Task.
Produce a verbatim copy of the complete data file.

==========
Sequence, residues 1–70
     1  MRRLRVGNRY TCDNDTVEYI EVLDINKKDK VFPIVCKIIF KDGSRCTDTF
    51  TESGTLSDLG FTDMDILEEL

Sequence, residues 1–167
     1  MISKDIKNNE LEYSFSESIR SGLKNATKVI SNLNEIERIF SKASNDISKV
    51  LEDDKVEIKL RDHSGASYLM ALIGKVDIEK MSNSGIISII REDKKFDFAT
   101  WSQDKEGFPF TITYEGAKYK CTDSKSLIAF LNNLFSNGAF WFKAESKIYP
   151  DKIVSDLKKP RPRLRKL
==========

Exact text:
Sequence, residues 1–70
     1  MRRLRVGNRY TCDNDTVEYI EVLDINKKDK VFPIVCKIIF KDGSRCTDTF
    51  TESGTLSDLG FTDMDILEEL

Sequence, residues 1–167
     1  MISKDIKNNE LEYSFSESIR SGLKNATKVI SNLNEIERIF SKASNDISKV
    51  LEDDKVEIKL RDHSGASYLM ALIGKVDIEK MSNSGIISII REDKKFDFAT
   101  WSQDKEGFPF TITYEGAKYK CTDSKSLIAF LNNLFSNGAF WFKAESKIYP
   151  DKIVSDLKKP RPRLRKL